WATER RESOURCES RESEARCH GRANT PROPOSAL
Project ID: MS2381
Title: Screening of Environmental Contaminants Detected in Mississippi Sediments as Inducers and/or Inhibitors of CYP1B1 Expression in Channel Catfish
Focus Categories: Toxic Substances, Agriculture
Keywords: Bioindicator, Toxic Substances, Pesticides
Start Date: 03/01/2001
End Date: 02/28/2002
Federal Funds: $20,047
Non-Federal Matching Funds: $40,094
Congressional District: Third
Kristine L. Willett
Assistant Professor, The University of Mississippi
Sediments associated with Mississippi rivers and lakes contain significant concentrations of environmental contaminants including pesticides and industrial by-products. Chemical characterization of these complex mixtures is often expensive and incomplete. Certain cytochrome P450 enzymes such as CYP1A have been developed as biomarkers of exposure in fish and wildlife. These physiological endpoints integrate exposure to several types of contaminant, are cheaper than analytical analyses, and are indicative of bioavailable contaminants. Biomarker methodologies are critical in order to detect toxic insult at sublethal exposures so that individuals, population and community structure are not affected by contamination of Mississippi waterways. This project is specifically aimed at characterizing the utility of a recently discovered cytochrome, CYP1B1, as a marker of exposure to contaminants that have been reported by the USGS NAWQA and BEST programs in Mississippi sediments and fish samples. Because channel catfish are such an abundant and economically significant species in Mississippi, they will be used as the test organism in these studies.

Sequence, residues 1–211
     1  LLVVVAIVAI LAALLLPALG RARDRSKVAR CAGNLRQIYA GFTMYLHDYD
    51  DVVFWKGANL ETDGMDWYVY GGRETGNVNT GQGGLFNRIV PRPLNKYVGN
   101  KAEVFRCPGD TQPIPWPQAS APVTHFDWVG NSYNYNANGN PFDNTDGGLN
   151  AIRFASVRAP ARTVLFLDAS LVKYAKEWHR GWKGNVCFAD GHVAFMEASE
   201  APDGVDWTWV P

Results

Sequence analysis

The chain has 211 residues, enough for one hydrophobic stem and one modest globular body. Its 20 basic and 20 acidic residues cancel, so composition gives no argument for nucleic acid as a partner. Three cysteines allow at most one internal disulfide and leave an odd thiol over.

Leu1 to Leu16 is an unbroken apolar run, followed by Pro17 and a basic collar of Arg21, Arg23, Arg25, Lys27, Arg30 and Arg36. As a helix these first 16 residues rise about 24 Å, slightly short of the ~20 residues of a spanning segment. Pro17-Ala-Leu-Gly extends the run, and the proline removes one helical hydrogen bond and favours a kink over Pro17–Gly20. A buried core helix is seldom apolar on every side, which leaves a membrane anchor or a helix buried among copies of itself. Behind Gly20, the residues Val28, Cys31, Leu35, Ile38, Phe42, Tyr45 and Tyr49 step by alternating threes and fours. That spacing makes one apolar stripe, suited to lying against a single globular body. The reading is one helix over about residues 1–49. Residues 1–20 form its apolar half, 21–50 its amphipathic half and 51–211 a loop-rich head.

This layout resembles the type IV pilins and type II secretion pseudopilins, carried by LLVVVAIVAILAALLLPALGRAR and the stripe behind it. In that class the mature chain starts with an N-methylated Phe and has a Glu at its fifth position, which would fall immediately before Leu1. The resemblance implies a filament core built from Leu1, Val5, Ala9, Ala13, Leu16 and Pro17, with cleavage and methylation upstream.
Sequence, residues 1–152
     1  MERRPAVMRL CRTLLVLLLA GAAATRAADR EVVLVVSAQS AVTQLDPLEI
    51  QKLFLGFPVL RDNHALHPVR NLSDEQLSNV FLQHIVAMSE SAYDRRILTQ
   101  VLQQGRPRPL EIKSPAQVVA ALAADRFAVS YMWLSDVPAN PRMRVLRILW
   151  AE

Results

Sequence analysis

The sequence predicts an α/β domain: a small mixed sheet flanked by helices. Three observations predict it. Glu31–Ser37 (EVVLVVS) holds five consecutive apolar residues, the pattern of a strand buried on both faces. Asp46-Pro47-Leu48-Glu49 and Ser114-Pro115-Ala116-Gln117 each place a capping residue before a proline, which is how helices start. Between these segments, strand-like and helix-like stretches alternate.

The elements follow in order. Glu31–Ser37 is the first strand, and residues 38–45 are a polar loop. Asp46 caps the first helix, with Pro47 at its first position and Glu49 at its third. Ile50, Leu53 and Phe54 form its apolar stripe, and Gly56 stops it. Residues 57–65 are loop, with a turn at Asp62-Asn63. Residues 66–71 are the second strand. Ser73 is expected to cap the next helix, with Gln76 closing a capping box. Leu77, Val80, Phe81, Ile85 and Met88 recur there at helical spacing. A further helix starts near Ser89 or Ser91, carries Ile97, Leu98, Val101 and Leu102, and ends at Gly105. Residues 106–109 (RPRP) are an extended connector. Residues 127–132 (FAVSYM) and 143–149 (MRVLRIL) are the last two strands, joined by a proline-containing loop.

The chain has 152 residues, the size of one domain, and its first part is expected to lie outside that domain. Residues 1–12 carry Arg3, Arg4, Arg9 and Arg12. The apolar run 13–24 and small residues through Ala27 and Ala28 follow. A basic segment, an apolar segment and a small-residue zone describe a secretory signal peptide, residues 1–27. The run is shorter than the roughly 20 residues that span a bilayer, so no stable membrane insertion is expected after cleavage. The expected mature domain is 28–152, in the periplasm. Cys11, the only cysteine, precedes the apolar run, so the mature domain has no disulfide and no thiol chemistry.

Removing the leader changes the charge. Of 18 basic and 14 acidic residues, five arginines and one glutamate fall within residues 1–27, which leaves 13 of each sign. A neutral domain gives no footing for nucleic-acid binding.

Using primary cultured channel catfish liver hepatocytes to screen a series of diverse contaminants including polychlorinated biphenyls, polycholorinated dibenzo-p-dioxins, polycyclic aromatic hydrocarbons and organochlorine pesticides, the inducibility and/or inhibition of CYP1B1 will be tested. For compounds that indicate in vitro inducibility, we will conduct in vivo exposures to characterize the in vivo time course and dose response relationships in channel catfish. Ultimately, we will characterize the in situ utility of CYP1B1 as a biomarker of exposure to contaminated sediment in channel catfish collected from Mississippi lakes and rivers. This project has the potential to develop an entirely new physiological endpoint of contamination in fish. Because of its role in carcinogenesis, insight into the mechanisms of CYP1B1 induction across taxa will be a significant advance toward applications of CYP1B1 status as a marker for environmental contaminants and potentially cancer.